Honorable mention: Kelsey Vines, Oklahoma State
Another story of a transfer who wasted no time in her new environs. Vines moved from BYU to Oklahoma State, and jumped right atop the leader board as a Cowgirl, sharing medalist honors at the Windy City and finishing third at the Betsy Rawls. On a team with few expectations entering the 2011-12 season, Vines has helped show lift OSU into the top 10 in the Golf World/NGCA women's coaches poll.



SURPRISE TEAMS
of the Mid-Season
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Thumbnail image for Arkansas logo 2008-09 season.gifArkansas
Razorback fans might disagree with calling the 2011-12 squad a surprise considering the success of the 2010-11 team (four wins, most since 1996-97, and an NCAA Championship berth) and the fact that four of the five starters (Sebastian Cappelen, Ethan Tracy, Josh Eure and Austin Cook) were back. Yet winning four times in their five starts this fall likely exceeded even the most optimistic of expectations for the folks in Fayetteville.

What coach Brad McMakin has going for him is a balanced squad with multiple players who can post low scores. Of the returning starters, Cook has the highest average at a respectable 73.13, with Tracy (71.87), Cappelen (72.4) and Eure (72.0) able to each carry the load when called upon. All have posted top-six finishes individually this fall, as has Arkansas' fifth-man, freshman Kolton Crawford.

Honorable mention: North Florida
Two wins and two third-place finishes in four starts this fall have many wondering if the Ospreys might be the 2011-12 version of Augusta State. Detractors sight a soft schedule, but coach Scott Schroeder's group did finish third at Isleworth beating four teams ranked in the Golf World/Nike Golf top 25. The return of Sean Dale (and his 70.92 average) after he redshirted in 2010-11 might turn out to be one of the season's more compelling stories should UNF keep



WOMEN
NC State logo (2011-12).gifN.C. State
With a victory and three top-five finishes in their first four starts, and a spot in the Golf World/NGCA coaches' poll for the first time in school history, the N.C. State women are off to the best start since coach Page Marsh took over the program in 2000. So what gives?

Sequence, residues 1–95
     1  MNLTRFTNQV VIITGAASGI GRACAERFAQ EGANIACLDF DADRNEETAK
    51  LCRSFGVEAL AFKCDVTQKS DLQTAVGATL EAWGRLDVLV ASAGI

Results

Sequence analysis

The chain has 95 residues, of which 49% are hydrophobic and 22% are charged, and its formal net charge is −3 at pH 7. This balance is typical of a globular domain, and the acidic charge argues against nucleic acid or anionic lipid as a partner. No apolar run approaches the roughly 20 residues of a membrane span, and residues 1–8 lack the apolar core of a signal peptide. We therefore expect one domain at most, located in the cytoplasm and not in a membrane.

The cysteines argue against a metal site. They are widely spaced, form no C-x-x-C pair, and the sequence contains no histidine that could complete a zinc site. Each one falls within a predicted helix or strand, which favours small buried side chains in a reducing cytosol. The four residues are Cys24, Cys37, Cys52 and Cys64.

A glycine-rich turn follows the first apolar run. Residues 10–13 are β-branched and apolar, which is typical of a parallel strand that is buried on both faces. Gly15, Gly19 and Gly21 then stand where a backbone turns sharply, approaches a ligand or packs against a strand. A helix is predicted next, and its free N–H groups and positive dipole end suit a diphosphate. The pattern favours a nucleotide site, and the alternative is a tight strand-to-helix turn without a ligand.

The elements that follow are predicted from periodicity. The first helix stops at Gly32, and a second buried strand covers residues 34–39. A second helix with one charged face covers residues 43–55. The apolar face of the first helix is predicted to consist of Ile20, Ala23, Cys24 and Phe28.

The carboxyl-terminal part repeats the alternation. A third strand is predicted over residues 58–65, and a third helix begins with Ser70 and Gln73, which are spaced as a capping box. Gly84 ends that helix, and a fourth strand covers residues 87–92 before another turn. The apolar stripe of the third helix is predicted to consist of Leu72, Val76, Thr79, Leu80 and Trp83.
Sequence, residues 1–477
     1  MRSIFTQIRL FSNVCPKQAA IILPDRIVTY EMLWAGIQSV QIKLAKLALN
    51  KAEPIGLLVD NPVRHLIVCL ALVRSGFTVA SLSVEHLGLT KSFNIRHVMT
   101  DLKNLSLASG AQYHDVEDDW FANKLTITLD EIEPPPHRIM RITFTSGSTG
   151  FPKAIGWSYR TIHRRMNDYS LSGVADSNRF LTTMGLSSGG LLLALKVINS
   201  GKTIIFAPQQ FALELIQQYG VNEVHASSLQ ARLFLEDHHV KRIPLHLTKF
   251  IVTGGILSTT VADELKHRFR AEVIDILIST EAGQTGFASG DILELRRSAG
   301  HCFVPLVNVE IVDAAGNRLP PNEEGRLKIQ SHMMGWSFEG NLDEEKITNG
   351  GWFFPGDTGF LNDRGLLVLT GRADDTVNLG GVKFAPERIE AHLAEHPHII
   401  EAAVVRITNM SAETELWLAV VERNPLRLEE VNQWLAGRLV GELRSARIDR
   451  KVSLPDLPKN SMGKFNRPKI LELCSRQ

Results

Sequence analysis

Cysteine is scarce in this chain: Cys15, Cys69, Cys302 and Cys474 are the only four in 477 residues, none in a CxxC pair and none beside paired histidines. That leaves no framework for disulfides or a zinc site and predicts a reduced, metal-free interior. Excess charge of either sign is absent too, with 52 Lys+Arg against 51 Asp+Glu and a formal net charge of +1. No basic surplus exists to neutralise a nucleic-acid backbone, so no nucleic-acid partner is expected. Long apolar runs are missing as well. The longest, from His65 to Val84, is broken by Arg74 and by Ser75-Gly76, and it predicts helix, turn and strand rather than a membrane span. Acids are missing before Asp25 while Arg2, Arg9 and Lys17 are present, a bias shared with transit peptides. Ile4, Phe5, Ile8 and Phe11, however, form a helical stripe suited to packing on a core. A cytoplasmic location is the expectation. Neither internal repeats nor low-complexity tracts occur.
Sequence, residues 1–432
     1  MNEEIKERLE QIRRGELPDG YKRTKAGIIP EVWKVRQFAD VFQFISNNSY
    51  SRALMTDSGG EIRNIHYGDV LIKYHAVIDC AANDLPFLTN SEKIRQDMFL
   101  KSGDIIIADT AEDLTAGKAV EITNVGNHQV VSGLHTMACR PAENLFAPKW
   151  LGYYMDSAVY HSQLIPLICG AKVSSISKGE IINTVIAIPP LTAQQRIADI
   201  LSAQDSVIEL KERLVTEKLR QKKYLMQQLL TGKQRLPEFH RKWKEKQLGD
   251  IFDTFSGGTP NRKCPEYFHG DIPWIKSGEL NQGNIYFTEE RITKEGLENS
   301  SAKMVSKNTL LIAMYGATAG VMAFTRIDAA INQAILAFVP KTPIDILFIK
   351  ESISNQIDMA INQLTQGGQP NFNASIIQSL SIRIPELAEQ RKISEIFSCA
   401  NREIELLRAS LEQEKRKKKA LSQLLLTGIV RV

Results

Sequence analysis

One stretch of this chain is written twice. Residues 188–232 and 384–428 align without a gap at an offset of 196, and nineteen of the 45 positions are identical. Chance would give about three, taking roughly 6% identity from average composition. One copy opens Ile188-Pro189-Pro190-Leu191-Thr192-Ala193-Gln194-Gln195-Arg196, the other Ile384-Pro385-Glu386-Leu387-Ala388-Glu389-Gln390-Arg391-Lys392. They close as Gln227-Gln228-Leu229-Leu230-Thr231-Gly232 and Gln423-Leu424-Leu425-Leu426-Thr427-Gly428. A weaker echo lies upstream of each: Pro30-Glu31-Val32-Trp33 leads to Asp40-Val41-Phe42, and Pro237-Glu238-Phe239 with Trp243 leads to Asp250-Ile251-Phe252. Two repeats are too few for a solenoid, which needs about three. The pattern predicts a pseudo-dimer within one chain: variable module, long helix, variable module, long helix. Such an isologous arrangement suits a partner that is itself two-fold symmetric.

Try a little Northern exposure.

Four of Marsh's five starters—Augusta James, Vivian Tsui, Brittany Marchand and Amanda Baker—hail from Canada. While their migration to Raleigh has gone better than anticipated, the team ranks 14th in the latest coaches' poll, Marsh has a inkling good things were in the offing.

Indeed, she left this summer's Canadian Women's Amateur feeling cautiously ecstatic. Tsui, James and Baker each finished in the top 10 in the event—Marchand and Ana Menendez, the Wolfpack's fifth starter who hails from Mexico, also made the cut. But with only Baker being a junior, and the rest underclassmen, Marsh expected a bit of a transition period heading into the season.

"On paper, I felt like the group was really special," said Marsh, who looked north of the border after seeing coach Richard Sykes have success recruiting there with the Wolfpack men's team. "You could just see their talent, how they interacted well with each other. And that's huge. But they still had to come to school."

That same group kept the momentum in their first fall college event, shattering the school record for the lowest three-day total score by 10 shots in a competitive Cougar Classic field (they finished T-4 with an even-par 864 total). One week later, N.C. State claimed the Wild Eggs Cardinal Cup in Louisville, Ky., just its second team title in four years.

James, Tsui and Marchand have known each other since they were 7, a key to establishing the strong camaraderie and work ethic the team has demonstrated in practice, Marsh said. The lineup gelled easily since the first day of fall practice, she said.

"They're all personally goal-oriented and collectively they have great energy," said Marsh, whose teams had made nine straight appearances at NCAA regionals before missing out on a bid in 2011. "They really have this inner-drive and desire to do better and they're always asking what more they can do.

"They're a young group, but they're mature in a lot of ways," she continued, "and that's a lot of credit to their parents who helped them prioritize and focus in the right areas. They're working every day to get better, and that's where that whole atmosphere and energy to get better. That's what really helps build a championship program."

--Stephen Hennessey


Honorable mention: Oklahoma State
A new coach and young lineup trying to find its way (three of the five players finish outside of the top-100 at the NCAA Central Regional last May) usually doesn't result in a squad that comes out and wins its first two tournaments of the season. Yet that was the case for Alan Bratton's Cowgirls, who went from unranked in the Golf World preseason poll to No. 6.

Returning players Jayde Panos, Josephine Janson, Jocelyn Alford and Hillary Wood have meshed well with Bratton. Meanwhile, BYU transfer Kelsey Vines and SMU transfer Amy Ruengmatakhun have give OSU instant depth as well as a shot of confidence.